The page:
Archives for August 2014

School Isn’t Just About Educating {To Parents and Teachers}

Tomorrow morning the alarm will sound at 5:00 am. I’ll push snooze until 5:30 because I know myself.  A flurry of feelings and activity- quick showers, clean teeth, new clothes, half-eaten breakfasts, nervous tummies, mixed emotions, bagged lunches, new notebooks – all before 7:00 a.m.

I’ll drop my tenderhearted son off at middle school – and pray for him ALL DAY – then my sweet daughter and I will spend the day at the high school, learning and leading – and loving.

Your day may look similar. [Deep breaths!]

When you drop your kiddo off in the morning, I know it’s a mix of the happy dance of fall and wistful longings for summer.  And whether you’re happy dancing for days free of children or wistfully longing for the days gone by, it’s ok.

It’ll be OK.

It’ll be OK because the teachers receiving your children really do love them – or will grow to know and love them – and those teachers really do want them to engage and learn.  Are there a few who can be cranky?  Yep.  Are there days when he or she won’t show his/her love and desire as you wish the teacher might?  Yep.  That’s the nature of being human and having unique personalities or having lived a hard life.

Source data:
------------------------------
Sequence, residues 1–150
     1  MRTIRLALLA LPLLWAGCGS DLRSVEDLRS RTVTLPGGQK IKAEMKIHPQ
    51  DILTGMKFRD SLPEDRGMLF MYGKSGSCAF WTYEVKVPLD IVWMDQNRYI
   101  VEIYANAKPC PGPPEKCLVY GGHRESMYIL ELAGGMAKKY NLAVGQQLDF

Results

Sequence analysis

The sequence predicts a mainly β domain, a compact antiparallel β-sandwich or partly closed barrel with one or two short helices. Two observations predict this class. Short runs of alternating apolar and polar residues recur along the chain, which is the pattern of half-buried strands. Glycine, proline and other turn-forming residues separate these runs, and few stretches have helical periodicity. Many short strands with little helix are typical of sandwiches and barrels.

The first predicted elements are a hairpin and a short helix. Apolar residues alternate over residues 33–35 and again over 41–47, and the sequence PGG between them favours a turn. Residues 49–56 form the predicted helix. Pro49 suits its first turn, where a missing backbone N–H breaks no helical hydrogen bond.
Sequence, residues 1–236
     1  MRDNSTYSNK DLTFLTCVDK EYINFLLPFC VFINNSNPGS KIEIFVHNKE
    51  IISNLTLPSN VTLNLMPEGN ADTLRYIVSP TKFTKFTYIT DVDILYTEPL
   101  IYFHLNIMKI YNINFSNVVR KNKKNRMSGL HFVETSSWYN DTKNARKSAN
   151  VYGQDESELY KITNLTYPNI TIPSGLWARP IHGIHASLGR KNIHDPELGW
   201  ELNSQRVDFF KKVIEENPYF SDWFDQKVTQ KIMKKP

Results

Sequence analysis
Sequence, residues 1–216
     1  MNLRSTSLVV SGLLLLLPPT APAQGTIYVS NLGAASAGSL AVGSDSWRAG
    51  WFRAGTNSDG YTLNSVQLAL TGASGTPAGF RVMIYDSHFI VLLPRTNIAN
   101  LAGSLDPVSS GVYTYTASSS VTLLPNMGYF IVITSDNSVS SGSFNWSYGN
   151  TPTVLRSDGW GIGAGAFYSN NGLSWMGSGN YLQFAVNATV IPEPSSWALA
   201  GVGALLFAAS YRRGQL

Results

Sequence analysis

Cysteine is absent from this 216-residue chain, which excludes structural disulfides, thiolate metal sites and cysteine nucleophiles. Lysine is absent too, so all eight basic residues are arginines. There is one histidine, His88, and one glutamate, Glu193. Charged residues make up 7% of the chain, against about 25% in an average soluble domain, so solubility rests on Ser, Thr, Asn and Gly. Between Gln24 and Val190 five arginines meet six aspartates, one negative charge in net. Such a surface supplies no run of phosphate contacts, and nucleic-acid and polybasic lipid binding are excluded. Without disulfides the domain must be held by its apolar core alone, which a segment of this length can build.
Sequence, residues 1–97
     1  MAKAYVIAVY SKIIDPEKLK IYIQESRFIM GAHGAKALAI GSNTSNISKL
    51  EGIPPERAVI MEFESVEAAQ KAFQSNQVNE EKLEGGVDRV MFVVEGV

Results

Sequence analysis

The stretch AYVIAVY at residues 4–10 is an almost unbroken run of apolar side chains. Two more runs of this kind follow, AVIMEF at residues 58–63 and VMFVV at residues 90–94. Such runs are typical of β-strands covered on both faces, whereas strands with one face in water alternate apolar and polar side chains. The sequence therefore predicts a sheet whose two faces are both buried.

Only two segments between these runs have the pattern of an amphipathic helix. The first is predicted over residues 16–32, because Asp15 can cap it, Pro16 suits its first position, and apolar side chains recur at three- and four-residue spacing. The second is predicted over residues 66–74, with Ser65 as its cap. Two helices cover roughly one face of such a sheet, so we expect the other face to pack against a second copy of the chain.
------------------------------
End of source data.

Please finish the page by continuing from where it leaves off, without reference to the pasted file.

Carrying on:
But, remember.

These teachers?  They are human. They are moms, dads, daughters, and sons.   Aunts, uncles, brothers, and sisters.  They struggle with busy schedules and fluctuating emotions just as you do.

The resources they desire to serve your child well aren’t always available (rarely are available).  They do the best they can with what they have – and they often spend money of their own to make their classrooms inviting and functional.

Being a teacher isn’t a job that ends when the bell rings at day’s end.  Papers come home.  Regret comes home. Sadness comes home.  Joy comes home.  Most of my teacher friends are always thinking…how can I do this better?  Grade this faster? Help the child whose parents are divorcing?  Find money for this or that?  Improve this class and my strategies?

We want to serve your children well.  Our deepest desire is for them to learn and to feel wanted and loved in our rooms.  Whether your child is 5 or 15, they matter to us.